Patrick Mahomes' star continues to shine so brightly that others are being lost in the glare. The Kansas City Chiefs are far more than their trendsetting quarterback, though.
Yes, Mahomes is spectacular, and his skill set elevates the play of those around him, but the Chiefs roster, at every level, is littered with standouts who deserve far more attention.
Tyreek Hill and Travis Kelce are exceptional talents and two of the best at their respective positions. Hill may be the NFL's fastest man and is nearly uncoverable. Kelce, meanwhile, can make a strong argument he surpassed the New England Patriots' Rob Gronkowski as TE1.
But they at least get some of their due, whereas the players below are often overlooked.
Kansas City didn't just emerge now that an elite quarterback fell into place. Head coach Andy Reid held a 53-27 record with four playoff berths during the previous five seasons. This can't be done without some semblance of talent, and the roster has continued to evolve since he became the head coach in 2013.
Sunday's 45-10 throttling of the Cincinnati Bengals at Arrowhead Stadium highlighted others who are critical components to the team's 6-1 start, starting with the running back who lines up next to Mahomes.
Kareem Hunt best personifies the old Rodney Dangerfield adage, "I get no respect."
How many running backs could lead the NFL in rushing one year and become an afterthought the next? That's exactly what's happened to Hunt. It's become cool to say he's overrated and a product of the system.
Nothing could be further from the truth.
Hunt is far from a typical back without any defining quality. One carry Sunday night encapsulated everything the second-year player is capable of doing:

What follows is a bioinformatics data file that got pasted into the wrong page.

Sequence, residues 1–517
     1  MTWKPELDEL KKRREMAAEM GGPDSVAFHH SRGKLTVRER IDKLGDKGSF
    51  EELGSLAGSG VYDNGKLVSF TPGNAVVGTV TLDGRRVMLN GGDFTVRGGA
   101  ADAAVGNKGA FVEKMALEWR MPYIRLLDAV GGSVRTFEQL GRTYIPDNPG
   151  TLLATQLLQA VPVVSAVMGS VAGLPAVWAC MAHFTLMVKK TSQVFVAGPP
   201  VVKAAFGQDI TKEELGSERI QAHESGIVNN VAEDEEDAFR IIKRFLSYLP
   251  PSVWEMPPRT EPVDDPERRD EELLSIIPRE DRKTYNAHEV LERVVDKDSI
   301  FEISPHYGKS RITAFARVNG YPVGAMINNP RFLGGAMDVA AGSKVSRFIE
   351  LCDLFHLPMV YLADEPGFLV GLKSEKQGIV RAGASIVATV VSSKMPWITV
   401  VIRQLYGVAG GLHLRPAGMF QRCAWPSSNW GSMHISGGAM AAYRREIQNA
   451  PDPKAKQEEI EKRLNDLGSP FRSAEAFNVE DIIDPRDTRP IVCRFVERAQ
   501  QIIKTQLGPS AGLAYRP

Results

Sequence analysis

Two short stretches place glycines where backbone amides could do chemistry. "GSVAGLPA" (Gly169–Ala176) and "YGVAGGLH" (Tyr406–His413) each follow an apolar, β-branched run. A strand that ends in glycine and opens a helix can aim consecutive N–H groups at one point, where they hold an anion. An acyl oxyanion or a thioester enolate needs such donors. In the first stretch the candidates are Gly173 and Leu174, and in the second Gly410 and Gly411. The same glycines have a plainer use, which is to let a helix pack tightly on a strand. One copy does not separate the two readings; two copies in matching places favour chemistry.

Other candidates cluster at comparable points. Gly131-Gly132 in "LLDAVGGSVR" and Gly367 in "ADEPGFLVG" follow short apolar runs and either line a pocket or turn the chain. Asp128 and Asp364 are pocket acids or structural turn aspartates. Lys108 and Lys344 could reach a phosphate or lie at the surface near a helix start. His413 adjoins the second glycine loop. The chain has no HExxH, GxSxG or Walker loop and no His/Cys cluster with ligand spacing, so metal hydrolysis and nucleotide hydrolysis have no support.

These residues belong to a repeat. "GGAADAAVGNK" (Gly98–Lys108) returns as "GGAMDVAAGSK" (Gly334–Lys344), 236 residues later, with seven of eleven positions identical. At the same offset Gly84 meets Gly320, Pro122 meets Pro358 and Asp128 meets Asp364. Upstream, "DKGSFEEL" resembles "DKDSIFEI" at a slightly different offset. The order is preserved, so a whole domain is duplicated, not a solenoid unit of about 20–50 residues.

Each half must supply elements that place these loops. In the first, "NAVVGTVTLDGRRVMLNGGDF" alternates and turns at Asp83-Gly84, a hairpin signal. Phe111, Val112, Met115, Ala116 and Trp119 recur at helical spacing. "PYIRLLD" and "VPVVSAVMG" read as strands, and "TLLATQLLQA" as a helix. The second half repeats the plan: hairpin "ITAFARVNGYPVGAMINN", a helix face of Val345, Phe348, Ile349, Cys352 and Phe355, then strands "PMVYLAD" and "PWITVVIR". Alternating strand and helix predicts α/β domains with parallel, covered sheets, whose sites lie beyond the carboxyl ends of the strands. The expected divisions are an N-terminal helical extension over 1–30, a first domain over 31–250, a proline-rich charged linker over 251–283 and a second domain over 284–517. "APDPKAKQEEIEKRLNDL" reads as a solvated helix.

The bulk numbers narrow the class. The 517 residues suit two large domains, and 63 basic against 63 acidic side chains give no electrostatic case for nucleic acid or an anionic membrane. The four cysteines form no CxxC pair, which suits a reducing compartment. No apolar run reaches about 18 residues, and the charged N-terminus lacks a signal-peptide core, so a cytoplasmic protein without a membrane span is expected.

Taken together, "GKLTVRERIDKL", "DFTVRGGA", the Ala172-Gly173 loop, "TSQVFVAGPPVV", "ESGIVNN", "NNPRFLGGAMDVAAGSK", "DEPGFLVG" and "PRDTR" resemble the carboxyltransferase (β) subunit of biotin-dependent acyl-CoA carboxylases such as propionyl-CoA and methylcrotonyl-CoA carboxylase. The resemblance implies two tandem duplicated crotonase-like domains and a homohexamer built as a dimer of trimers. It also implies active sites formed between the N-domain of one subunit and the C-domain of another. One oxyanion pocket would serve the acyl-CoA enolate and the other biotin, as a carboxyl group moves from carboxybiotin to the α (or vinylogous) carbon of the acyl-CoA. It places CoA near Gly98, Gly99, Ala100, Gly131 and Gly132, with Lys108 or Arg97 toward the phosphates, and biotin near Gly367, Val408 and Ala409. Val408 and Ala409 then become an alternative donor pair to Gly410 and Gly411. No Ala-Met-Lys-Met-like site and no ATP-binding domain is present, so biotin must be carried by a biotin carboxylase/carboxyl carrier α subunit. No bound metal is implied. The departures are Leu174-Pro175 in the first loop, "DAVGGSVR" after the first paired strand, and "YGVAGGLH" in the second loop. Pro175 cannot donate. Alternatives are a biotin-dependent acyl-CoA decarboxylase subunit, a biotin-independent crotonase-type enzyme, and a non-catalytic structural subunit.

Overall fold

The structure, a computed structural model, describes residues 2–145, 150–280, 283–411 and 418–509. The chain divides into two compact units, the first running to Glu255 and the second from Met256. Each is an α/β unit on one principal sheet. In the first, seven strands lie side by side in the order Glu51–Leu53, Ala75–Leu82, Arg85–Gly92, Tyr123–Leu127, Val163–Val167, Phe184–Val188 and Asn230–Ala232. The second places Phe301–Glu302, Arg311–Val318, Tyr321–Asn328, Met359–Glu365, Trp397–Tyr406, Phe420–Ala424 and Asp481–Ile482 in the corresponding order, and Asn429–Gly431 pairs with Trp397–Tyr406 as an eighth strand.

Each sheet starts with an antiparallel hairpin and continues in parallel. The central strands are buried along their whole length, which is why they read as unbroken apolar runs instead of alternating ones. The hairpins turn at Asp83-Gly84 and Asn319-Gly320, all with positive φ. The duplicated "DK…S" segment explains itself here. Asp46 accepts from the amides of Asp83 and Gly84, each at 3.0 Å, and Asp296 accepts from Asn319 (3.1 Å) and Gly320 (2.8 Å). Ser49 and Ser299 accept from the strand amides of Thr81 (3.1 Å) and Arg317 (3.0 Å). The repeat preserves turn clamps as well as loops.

Hunt showed patience behind his blockers, escapability to avoid a tackle, enough athleticism to hurdle a defender, the balance to stick the landing and leg drive and power to finish the run with authority.
"I haven't seen that one before," Reid said, per ESPN.com's Adam Teicher. "He elevated pretty good."
An individual doesn't run for 1,327 yards by accident, as Hunt did last season. He's on pace to run for more than 1,200 this season while becoming an even bigger part in the team's passing game. With four receiving touchdowns, including two against the Bengals, Hunt has already eclipsed last year's total.
Checking down doesn't have to be considered a surrender. Hunt creates chunk plays as an outlet target, as he did during his second scoring play:
The 216-pound back can slam it between the tackles when needed as well. That's exactly how he scored his third touchdown.
All in all, Hunt finished the night with 141 total yards while serving as the Chiefs' bell cow. He does benefit to a degree from above-average line play.
Mitchell Schwartz is the game's best right tackle. No one is more consistent on the strong side. Schwartz doesn't miss any snaps and shuts down opposing pass-rushers.
"I'm a fan of the game, and I know great players," said Denver Broncos outside linebacker Von Miller, who is tied for second in the league with 7.5 sacks, per the Kansas City Star's Lynn Worthy. "Mitch is a great player. It's funny how you get three [second-team] All-Pros but no Pro Bowls. That's the weirdest [crap] ever. He's a great player. I've got a lot of respect for him."
Schwartz became the NFL's iron man upon Joe Thomas' retirement. His four seasons opposite the future Hall of Fame left tackle in Cleveland must have taught him plenty. Schwartz will never be mistaken for the game's most athletic blocker, but his attention to detail, understanding of defenses, technique and consistency are unrivaled.